The Trump administration has always seen Obamacare as an abominable roadblock to the less regulated insurance market it prefers. Last year, it tried to knock it down and failed.
Now, it’s building a set of detours.
More customers who want to avoid buying health insurance can now find a way out of the law’s individual-mandate penalty, which will disappear completely next year. Those who want skimpy plans not covering maternity care or bills exceeding a set annual amount may soon have that option in many states — provided they don’t have pre-existing conditions.
The downside: Many who do want Obamacare-style coverage are going to have to pay more.
Obamacare’s many rules about insurance — meant to make coverage accessible to Americans regardless of their health status, and comprehensive enough to cover their needs — still exist. Obamacare plans will still have to cover a basic set of health benefits and accept customers who have a history of illness. But, through a series of regulatory maneuvers, the Trump administration is making the insurance market governed by those rules increasingly optional. Alongside the Obamacare market it couldn’t destroy, it is helping to build a second market, free of many rules, and more like the market that Obamacare replaced.
On Monday, the Centers for Medicare and Medicaid Services, which oversees the marketplaces, unveiled a series of policies that Seema Verma, the agency’s administrator, made clear were aimed at working around the health law’s requirements.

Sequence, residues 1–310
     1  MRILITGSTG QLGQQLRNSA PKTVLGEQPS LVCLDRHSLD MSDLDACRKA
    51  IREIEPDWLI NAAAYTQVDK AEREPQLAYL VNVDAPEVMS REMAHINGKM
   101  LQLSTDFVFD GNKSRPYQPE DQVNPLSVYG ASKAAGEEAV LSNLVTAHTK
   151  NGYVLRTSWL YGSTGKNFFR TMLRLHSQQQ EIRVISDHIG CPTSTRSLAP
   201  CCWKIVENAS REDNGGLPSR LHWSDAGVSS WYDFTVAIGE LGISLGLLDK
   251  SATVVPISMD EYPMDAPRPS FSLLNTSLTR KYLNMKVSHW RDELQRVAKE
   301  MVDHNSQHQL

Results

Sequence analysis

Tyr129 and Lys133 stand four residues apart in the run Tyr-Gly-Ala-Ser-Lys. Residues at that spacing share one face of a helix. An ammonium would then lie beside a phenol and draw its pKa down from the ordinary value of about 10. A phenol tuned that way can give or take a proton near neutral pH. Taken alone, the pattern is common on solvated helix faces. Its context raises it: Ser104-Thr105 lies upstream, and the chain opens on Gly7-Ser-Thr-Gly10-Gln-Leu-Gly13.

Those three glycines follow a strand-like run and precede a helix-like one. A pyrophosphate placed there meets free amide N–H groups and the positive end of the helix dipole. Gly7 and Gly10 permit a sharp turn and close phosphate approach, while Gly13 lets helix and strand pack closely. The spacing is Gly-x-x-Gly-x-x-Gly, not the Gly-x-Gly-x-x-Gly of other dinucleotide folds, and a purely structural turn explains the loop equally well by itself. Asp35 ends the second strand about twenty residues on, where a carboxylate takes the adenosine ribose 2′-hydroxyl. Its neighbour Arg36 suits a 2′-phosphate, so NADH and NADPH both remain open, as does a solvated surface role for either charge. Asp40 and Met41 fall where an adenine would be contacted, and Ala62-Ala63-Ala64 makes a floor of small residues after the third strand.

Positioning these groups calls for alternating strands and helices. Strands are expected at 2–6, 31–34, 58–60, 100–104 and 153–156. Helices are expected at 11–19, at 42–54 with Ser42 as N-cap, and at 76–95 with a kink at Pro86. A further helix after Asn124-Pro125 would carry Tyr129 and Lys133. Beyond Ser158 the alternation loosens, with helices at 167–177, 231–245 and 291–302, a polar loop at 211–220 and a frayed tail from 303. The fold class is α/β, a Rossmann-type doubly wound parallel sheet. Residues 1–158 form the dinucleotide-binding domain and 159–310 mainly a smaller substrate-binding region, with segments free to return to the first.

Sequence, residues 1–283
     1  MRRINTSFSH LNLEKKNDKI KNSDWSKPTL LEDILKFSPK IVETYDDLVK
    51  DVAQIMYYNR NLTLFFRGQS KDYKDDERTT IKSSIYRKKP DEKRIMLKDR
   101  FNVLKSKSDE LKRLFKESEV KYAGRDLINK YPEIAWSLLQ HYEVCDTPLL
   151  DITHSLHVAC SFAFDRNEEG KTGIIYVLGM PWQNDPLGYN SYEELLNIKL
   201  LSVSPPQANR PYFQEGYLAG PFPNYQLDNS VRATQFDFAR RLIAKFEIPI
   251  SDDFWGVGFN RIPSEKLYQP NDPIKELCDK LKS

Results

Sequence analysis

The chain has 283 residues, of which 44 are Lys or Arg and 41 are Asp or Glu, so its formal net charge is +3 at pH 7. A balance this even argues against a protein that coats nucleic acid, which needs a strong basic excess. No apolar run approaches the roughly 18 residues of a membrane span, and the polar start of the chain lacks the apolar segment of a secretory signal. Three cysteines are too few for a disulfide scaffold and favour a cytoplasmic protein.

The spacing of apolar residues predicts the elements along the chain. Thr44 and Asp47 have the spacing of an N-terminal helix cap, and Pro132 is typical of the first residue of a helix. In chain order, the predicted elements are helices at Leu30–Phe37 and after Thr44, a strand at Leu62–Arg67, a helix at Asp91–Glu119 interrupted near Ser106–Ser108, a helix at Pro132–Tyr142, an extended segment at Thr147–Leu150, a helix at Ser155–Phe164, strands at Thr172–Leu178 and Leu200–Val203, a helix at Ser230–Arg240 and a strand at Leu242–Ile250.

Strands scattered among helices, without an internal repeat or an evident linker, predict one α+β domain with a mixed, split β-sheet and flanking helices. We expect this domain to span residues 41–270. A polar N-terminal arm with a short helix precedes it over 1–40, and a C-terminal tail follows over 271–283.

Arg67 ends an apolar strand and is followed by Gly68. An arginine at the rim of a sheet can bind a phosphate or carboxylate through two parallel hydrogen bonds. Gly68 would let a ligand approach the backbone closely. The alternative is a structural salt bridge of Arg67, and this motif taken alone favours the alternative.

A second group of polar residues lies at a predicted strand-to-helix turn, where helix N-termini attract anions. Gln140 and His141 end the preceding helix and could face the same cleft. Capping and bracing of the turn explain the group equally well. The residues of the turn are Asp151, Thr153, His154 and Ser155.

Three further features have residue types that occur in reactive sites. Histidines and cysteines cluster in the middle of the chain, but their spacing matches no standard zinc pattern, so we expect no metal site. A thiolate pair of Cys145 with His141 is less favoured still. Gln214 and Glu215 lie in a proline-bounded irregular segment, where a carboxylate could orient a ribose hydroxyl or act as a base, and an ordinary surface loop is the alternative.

“Americans shouldn’t be punished by its failure to provide choices,” she said, referring to the Affordable Care Act. “Until the law changes, we won’t stand idly by as Americans suffer.”
Rules and other guidance released Monday provide some ways out. People who live in a county where only one insurer offers Obamacare-compliant health plans now can get an exemption to the law’s individual mandate penalties right away. (They’ll go away for everyone next year under legislation passed as part of the tax overhaul.) The administration is allowing older plans that predated Obamacare and that don’t follow all its rules to stick around another year. It’s also allowing health plans to cover a slightly less robust set of benefits, although those changes are mostly marginal.
Bigger changes are coming. The administration has proposed regulations that would allow so-called short-term health plans to be offered for nearly a year of coverage. Those plans aren’t subject to any Obamacare rules in most states, and are likely to be marketed aggressively. They are likely to cover fewer health services and be available only to the healthy — but at a lower price. Another pending rule would expand the availability of association health plans, a form of group insurance purchasing that may be attractive to small businesses looking for cheaper, less comprehensive options.
It’s hard to predict precisely who will choose what. The administration wrote in its rule proposals that it didn’t anticipate either the short-term or association plans to be very popular, even as it lauded them as important alternatives to the current options under the health law. The new options may mostly attract people who are uninsured now, because they were priced out of the current market. Outside experts think the alternatives could siphon away a substantial percentage of healthy people from the Obamacare markets.